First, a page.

Sometimes, in electronic music, there’s just the need of creating progressions that are simple enough to be catchy yet with enough interesting variations to keep listeners on their toes.
One of the ways to achieve such a result is moving elements in and out of a quantized tempo-related grid. Although, if we wish to preserve the core of the tune without taking a detour toward experimental territories, there’s an important balance between freeform and well defined elements to be considered, which points to establish an anchor of solid and consistent referring points along with an ensemble of detailed unpredictable additions.
If we shrink down this concept to a single instrument, it might get even trickier and there might come a point where we’d want to look for a powerful, optimized process that could just craft this idea for us. One of the best choices is to work with our MOOR device, part of the OOG series, and its Bend and Chance parameters.
MOOR is a MIDI sequencer, therefore we’re gonna need an instrument to play its note messages (in this example, we’re gonna use Ableton Live’s Wavetable. It’s also important to create some musical enviroment around our line, in order to make the fluctuation even more perceivable and surprising. In this demo, our steps are gonna be defined by a beat and a pad+bassline.
1 – We start by laying down a flat succession of notes. We can either insert them singularly on each step or we can play with the random notes chance parameter in the external window. To create the effect that we’re looking for it’s usually best to work with longer progressions, so we’ll set the sequence length to 16 steps for now. A variable velocity is also good to create dynamic repeating melodies.
2 – Now that we have a sequence that we like, we should start adding a bit of randomness in the sequence itself by playing with the Chance (%) parameter. Before we do so though, we must choose which notes are going to be the anchor of our unpredictable progression, in order to keep it catchy: those ones are going to be always playing, so their chance must be set to 100%. After this, we should evaluate the importance of every other note and, like a pyramid, assigning a descending scale of Chance values.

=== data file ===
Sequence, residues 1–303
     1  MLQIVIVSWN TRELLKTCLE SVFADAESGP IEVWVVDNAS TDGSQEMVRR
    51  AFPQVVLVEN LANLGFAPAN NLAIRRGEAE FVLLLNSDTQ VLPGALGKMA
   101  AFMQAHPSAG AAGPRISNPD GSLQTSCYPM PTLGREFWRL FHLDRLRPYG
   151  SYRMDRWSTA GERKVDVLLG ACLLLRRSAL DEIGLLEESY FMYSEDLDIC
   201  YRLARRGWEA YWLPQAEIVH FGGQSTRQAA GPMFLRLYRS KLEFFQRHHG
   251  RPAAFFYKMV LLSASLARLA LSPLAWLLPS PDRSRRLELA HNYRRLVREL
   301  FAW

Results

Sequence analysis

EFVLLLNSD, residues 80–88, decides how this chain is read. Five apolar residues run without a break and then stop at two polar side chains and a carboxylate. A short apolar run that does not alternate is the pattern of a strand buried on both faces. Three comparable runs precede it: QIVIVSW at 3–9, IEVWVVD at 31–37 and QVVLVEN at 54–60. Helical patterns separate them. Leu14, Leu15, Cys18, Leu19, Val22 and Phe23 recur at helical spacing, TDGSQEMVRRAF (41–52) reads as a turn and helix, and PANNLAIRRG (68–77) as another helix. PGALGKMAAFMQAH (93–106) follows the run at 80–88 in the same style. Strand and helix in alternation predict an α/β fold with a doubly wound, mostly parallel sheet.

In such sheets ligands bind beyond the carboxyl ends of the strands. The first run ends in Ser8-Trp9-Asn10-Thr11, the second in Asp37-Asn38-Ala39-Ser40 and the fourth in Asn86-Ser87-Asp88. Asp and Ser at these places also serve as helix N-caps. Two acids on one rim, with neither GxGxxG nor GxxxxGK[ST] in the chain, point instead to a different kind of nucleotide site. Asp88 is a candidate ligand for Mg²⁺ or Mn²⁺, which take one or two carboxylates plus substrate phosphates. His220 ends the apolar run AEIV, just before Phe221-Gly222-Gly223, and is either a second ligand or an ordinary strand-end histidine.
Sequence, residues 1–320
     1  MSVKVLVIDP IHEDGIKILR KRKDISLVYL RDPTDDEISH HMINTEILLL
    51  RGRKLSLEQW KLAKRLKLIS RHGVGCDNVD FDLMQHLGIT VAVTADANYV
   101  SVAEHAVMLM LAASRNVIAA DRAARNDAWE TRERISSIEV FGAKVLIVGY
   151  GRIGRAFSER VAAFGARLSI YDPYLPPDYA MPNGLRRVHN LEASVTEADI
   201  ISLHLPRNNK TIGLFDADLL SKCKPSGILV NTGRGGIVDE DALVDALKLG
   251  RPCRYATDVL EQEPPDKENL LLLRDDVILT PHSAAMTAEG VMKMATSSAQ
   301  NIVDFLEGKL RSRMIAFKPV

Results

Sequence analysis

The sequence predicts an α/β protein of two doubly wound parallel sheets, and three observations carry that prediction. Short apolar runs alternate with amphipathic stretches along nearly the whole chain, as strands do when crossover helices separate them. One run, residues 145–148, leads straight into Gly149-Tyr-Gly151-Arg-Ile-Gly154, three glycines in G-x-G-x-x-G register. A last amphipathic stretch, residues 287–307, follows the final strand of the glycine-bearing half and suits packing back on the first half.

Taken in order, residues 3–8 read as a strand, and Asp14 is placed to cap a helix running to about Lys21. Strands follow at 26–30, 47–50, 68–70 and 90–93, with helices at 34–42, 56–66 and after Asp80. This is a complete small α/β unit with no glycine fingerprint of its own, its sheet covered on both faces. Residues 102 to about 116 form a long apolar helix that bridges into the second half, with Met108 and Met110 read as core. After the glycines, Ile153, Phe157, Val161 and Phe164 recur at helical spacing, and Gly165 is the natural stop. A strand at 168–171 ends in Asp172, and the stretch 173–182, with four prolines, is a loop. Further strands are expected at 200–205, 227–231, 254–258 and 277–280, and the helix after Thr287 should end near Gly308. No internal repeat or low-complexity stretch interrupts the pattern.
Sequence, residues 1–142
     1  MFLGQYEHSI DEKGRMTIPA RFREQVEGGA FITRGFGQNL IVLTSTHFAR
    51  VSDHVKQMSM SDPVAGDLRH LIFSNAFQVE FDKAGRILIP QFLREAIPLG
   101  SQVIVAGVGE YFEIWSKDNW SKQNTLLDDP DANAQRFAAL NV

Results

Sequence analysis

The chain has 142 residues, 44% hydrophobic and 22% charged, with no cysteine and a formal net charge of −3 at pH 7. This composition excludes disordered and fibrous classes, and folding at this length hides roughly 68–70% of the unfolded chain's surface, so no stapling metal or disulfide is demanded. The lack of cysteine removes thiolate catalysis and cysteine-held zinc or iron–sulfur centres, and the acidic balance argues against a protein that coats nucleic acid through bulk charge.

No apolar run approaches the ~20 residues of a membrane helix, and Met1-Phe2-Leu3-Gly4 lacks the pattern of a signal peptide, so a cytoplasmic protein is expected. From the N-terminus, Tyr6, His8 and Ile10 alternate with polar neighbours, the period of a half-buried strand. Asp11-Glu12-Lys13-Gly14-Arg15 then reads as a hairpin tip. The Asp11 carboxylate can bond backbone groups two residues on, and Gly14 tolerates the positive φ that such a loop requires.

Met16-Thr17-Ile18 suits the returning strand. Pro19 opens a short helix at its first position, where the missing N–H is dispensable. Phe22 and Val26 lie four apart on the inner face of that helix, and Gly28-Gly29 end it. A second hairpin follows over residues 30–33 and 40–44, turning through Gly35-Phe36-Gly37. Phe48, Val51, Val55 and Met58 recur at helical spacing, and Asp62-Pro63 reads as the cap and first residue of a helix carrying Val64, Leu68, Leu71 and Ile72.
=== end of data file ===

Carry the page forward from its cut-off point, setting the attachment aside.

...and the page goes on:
3 – Our melody is already changing on its own and became a bit more interesting, but we can still hear it being so quantized and kind of static. This is the reason why we’re now going to have fun with the Bend parameter: changing the number in the circle creates either a rushing or dragging movement that might become potentially extreme, but in this state our sequence’s gonna loop in sync with our master tempo anyway. By doing this, we turned a static sequence into a totally liquid and unconventional one yet maintaining the presence of our main notes consistent and setting the boundaries for it to be looped in a very conventional and musical way. An additional trick is to create an automation in Live for the Bend parameter, so that we can control the movement in relationship to the whole context, and moving it so that it keeps falling on the 1.0 value, essentially spicing up our straight sequence with occasional flutters.
Having this kind of controlled “sloppiness” of a single melodic line can be truly helpful in making a tune both catchy but also fresh and unexpected. A lot of ideas can emerge from apparentely weird starting points like a free sequence, and the structure of the tune can easily follow the input of MOOR and its inspiration.